Kidney dysfunction or ESRD is not a contraindication to autologous stem cell transplant.
      • El Fakih R.
      • Fox P.
      • Popat U.
      • et al.
      Autologous hematopoietic stem cell transplantation in dialysis-dependent myeloma patients.
      Given the patient’s age and lack of nonhematologic comorbidities, she may be a stem cell transplant candidate. However, studies have suggested that the coexistence of MM and amyloidosis often results in a worse prognosis due to multiorgan deposition of amyloid.
      • Bahlis N.J.
      • Lazarus H.M.
      Multiple myeloma-associated AL amyloidosis: is a distinctive therapeutic approach warranted?.
      Our patient remained oliguric during hospitalization, and the nephrology service advised starting dialysis. The patient was eventually discharged from the hospital and continued to follow up with the hematology and nephrology departments as an outpatient. Unfortunately, her kidney function never recovered and she became dialysis dependent.

      Discussion

      Multiple myeloma is a hematologic malignancy characterized by a neoplastic proliferation of plasma cells that produce a monoclonal immunoglobulin. It classically presents with hypercalcemia, renal insufficiency, anemia, and bone pain from lytic bone lesions, as well as other features such as constitutional symptoms and recurrent infection. Multiple myeloma should always be suspected when any of these features are present.
      Renal injury with a serum creatinine level of greater than 1.3 mg/dL is seen in about 50% of patients with diagnosed MM, while more than 20% of cases are classified as having a severe renal injury with a serum creatinine of greater than 2.0 mg/dL. More than 80% of cases have proteinuria (consisting most commonly of light chains). However, only 15% to 25% of patients have development of glomerular disease.
      • Korbet S.M.
      • Schwartz M.M.
      Multiple myeloma.
      Renal injury most often occurs due to circulating fragments of immunoglobulins and free light chains that lodge in the tubules of the nephron, resulting in cast nephropathy. Intact immunoglobulins typically do not cross the glomeruli. Light chain cast nephropathy is commonly seen in MM, with one study reporting up to 33% of patients with MM having pathologic evidence of light chain casts on kidney biopsy.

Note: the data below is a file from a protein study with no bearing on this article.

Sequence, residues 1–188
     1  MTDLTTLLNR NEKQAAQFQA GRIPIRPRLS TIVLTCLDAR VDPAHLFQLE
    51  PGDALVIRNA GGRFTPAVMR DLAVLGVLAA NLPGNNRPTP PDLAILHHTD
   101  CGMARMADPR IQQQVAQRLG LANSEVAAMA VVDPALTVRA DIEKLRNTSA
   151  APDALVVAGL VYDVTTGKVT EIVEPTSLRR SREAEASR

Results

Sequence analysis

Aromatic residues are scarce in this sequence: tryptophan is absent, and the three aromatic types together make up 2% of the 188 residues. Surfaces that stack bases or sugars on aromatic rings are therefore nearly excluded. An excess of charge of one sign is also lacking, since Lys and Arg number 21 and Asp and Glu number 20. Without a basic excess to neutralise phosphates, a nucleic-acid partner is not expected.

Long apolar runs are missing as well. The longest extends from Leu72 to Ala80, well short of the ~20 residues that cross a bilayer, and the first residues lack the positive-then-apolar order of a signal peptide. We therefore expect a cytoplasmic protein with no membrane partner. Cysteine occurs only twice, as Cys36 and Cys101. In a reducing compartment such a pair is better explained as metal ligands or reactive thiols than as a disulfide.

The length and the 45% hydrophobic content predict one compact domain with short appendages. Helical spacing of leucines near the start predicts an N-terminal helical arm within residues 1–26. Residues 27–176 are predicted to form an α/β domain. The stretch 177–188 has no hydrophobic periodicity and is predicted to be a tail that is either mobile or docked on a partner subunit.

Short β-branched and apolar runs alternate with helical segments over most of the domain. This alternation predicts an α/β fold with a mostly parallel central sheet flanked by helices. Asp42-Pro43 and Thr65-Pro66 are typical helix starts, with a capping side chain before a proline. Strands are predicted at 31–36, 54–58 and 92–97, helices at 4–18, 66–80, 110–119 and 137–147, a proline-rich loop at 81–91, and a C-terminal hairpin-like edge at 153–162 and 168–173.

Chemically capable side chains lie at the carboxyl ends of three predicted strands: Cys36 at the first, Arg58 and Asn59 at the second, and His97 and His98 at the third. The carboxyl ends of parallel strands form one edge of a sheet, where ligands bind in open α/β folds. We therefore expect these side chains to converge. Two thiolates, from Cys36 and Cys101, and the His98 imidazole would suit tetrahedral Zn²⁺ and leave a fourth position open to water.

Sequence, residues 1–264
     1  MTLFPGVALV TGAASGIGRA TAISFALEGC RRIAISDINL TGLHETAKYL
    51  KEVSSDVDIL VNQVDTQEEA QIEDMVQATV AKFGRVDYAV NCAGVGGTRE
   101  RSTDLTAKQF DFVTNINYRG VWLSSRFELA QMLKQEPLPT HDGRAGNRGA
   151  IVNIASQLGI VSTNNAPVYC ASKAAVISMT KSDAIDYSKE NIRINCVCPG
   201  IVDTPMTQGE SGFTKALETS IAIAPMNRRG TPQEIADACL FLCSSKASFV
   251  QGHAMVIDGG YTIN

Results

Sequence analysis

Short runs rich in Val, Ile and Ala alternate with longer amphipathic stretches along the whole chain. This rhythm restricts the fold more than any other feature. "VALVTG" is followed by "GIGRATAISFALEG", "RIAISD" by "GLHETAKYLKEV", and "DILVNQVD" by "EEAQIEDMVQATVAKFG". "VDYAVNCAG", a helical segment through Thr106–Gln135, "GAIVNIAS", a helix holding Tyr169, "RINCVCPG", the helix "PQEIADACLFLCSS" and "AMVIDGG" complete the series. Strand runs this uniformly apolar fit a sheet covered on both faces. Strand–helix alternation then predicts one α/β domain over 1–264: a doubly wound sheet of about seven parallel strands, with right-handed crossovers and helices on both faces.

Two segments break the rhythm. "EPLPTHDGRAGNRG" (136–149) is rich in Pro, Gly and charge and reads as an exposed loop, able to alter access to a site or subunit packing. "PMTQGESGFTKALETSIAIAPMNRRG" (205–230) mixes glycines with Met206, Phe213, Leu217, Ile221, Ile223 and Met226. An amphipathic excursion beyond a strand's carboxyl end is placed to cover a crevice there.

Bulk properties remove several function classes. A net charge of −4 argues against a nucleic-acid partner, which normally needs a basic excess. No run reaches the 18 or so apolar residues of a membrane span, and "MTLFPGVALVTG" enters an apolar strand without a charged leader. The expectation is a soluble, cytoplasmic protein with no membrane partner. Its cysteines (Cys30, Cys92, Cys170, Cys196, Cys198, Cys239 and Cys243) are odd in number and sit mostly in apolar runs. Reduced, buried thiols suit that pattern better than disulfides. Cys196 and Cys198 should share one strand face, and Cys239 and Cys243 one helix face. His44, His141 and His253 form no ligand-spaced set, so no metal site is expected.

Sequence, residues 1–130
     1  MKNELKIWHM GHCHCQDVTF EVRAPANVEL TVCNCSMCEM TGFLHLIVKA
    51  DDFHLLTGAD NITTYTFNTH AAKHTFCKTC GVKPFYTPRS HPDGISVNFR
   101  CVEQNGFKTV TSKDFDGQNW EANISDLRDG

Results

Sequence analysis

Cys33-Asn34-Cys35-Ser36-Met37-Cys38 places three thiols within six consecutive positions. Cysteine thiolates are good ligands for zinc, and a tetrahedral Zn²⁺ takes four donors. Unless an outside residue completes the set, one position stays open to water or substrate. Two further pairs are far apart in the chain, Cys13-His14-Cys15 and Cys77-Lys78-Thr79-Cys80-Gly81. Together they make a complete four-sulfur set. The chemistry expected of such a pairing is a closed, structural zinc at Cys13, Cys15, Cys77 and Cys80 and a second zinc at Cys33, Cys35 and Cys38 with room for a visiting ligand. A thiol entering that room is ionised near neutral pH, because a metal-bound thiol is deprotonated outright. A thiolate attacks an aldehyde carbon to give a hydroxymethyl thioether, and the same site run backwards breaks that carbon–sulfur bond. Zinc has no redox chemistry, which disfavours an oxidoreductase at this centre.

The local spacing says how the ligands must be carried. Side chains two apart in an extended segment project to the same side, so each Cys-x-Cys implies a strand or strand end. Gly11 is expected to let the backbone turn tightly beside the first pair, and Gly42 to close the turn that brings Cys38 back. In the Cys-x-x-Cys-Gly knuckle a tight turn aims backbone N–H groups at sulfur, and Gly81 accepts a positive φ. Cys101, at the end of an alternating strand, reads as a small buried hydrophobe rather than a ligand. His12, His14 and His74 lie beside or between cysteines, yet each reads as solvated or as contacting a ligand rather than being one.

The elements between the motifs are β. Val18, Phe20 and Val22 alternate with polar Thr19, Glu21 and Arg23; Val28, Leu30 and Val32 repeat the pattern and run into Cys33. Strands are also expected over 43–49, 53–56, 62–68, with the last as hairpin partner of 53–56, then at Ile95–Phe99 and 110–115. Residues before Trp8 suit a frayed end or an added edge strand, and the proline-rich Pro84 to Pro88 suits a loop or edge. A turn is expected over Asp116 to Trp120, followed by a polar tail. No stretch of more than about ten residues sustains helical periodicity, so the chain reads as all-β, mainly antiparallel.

• Nasr S.H.
      • Valeri A.M.
      • Sethi S.
      • et al.
      Clinicopathologic correlations in multiple myeloma: a case series of 190 patients with kidney biopsies.
      This number could potentially be higher as many patients with evidence of light chains in the urine begin therapy without ever undergoing a kidney biopsy.
      The International Myeloma Working Group considers acute renal failure from light chain cast nephropathy a myeloma-defining event and is the most common renal pathology seen in patients with MM. Rarely, light chain cast nephropathy has also been associated with Waldenström macroglobulinemia, chronic lymphocytic leukemia, and certain types of lymphomas. Diagnosis is confirmed with histologic evaluation or presumed based on the assumption of significantly elevated serum free light chain levels (>150 mg/dL) in patients previously diagnosed with MM. Patients who have an unexplained acute kidney injury with free light chain levels of less than 50 mg/dL should undergo kidney biopsy to rule out other causes of renal failure per recommendations of the International Myeloma Working Group criteria. Urinary albumin excretion can provide additional information when confirming the diagnosis. One study found that urinary albumin excretion was consistently less than 25% in patients with a confirmed diagnosis of light chain cast nephropathy.
      • Manohar S.
      • Nasr S.H.
      • Leung N.
      Light chain cast nephropathy: practical considerations in the management of myeloma kidney—what we know and what the future may hold.
      ,
      • Leung N.
      • Gertz M.